There are three kinds of people: those who feel morally superior to Walmart, those who feel socially superior to people who shop at Walmart, and my people -- those who see Walmart as a shopping haven.
Don't get me wrong. I have found more than a few moments of levity while avoiding cleanups on aisle 27. I have even shared a couple with you -- mostly on my visits to Bend (opposites attract; cultural spills on aisle 1).
But when a shopper needs something (and the other hoity-toity shops cannot help), there is always Walmart. I may not classify Walmart as high in its social value as Homer Simpson rates television ("Television! Teacher, mother, secret lover."), but I can almost always count on it to come through for me.
During my six years in Mexico, I have discovered, when I come north, I buy fewer things to take south to Mexico than I once did. My suitcases once looked as if I were attempting to import some of my worst shopping choices to Mexico.
I no longer need to do that. NAFTA has done it for me. As have some rather enterprising young Mexican men. One, in particular, runs a boutique grocery (Hawaii) in Melaque that caters to the northern crowd in the winter months and to middle class Mexicans in the summer months. My friends in San Miguel de Allende and around Lake Chapala tell me his stock is better than anything available to them.
That means that the type of merchandise I once muled across the border now regularly shows up on the shelves of Hawaii. What I cannot get there, I have learned to do without.
To a degree. Because, if I have some empty space in my bags, I still shop around for those exotic items that will elude the best shopper in Mexico.
It turns out they may elude the best shopper in Oregon. I stopped at several of my usual haunts in hopes of finding something "honorable" (as Auda Abu Tayi put it in Lawrence of Arabia) to haul back to the house with no name.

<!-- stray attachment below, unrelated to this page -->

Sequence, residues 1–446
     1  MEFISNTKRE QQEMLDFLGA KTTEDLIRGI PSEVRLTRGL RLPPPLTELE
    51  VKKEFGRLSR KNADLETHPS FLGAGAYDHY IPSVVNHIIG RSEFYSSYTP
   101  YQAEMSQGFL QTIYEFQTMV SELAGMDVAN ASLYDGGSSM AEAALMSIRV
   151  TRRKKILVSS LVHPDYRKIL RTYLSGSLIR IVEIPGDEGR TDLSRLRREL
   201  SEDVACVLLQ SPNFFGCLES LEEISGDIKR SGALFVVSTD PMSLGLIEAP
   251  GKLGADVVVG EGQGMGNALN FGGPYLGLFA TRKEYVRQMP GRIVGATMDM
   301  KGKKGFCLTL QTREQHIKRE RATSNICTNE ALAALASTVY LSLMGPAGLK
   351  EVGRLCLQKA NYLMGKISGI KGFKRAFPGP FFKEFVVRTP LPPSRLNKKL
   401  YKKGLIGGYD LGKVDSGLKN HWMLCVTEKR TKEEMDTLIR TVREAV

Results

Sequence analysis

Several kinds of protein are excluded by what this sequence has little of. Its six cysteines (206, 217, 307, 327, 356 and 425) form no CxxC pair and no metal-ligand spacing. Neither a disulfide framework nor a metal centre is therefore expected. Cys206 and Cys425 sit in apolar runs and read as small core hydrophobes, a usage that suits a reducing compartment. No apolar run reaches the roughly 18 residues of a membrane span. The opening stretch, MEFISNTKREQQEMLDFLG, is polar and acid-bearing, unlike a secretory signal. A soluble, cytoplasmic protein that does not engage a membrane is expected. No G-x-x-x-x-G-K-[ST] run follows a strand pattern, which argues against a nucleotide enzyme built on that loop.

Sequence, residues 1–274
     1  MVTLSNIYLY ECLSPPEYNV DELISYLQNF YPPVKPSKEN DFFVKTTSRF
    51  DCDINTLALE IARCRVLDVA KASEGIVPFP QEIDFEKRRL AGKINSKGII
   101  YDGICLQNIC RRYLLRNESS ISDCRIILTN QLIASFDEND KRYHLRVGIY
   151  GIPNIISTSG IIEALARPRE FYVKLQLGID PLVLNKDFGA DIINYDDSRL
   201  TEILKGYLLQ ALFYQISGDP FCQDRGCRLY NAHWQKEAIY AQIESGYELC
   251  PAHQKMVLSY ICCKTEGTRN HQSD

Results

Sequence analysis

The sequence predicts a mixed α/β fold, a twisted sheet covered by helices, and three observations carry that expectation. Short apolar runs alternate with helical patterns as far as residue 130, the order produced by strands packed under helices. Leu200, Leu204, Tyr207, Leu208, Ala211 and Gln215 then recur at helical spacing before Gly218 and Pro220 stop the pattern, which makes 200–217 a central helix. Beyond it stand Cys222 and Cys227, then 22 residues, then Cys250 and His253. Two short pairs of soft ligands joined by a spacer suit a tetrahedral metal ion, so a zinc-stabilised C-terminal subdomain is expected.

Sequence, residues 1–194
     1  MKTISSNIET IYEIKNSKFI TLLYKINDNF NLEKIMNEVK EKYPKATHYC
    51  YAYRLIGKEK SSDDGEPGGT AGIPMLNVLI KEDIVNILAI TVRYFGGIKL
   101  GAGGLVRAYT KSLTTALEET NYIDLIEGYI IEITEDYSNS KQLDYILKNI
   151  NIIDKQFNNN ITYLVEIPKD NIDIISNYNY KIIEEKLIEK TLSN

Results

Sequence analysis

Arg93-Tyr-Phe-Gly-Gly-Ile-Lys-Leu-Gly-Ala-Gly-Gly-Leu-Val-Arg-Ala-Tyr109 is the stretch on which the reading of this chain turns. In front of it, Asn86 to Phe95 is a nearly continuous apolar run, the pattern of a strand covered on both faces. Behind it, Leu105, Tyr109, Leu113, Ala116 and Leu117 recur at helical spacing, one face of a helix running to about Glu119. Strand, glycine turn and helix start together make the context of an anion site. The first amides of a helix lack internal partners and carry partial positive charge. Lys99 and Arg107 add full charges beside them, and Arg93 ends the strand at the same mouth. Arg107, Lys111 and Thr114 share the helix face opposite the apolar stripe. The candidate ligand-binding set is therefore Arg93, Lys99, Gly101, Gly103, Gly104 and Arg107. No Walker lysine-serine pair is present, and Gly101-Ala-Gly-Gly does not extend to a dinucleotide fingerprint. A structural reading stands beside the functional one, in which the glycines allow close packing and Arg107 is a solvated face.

Costco. Safeway. Whole Foods. Fred Meyer. They all disappointed me. The special items they had once carried was occupied by a vast vacuous void.
In an attempt to convince me all was not lost, Darrel suggested a stop at Walmart. He had spotted two pound loaves of Tillamook 3 year old extra sharp cheddar cheese last week. He had me hooked at "3 year old."
I was a bit surprised that Walmart would carry such an esoteric (and expensive) product. After all, the cultural stereotype is that cheese means Velveeta within the walls of the Walton empire.
It turns out the wise Walmart shoppers had already stripped the shelves of that particular ambrosia (the Tillamook, that is; not Velveeta). So, I went searching for the other items that the High street stores failed to stock.
And I batted almost 1.000. I couldn't find any Carr's roasted garlic and herbs water crackers. But I can learn to live with the pain.
Walmart in Mexico was once one of my favorite shopping stops when I would drive to Manzanillo. I seldom go there now. Not out of any misguided political pique, but because Hawaii has cleverly utilized free market tools to fill that gap and save me a two-hour round trip.
But Walmart in Bend will undoubtedly keep me stocked with the few things I now take back to Mexico.
And what happens when I stop making these trips north -- when Darrel and Christy move south? I will do what everyone else does. Find a substitute or simply learn to deal without.
Until then, I count Walmart as a place to witness a good story and to get a good buy.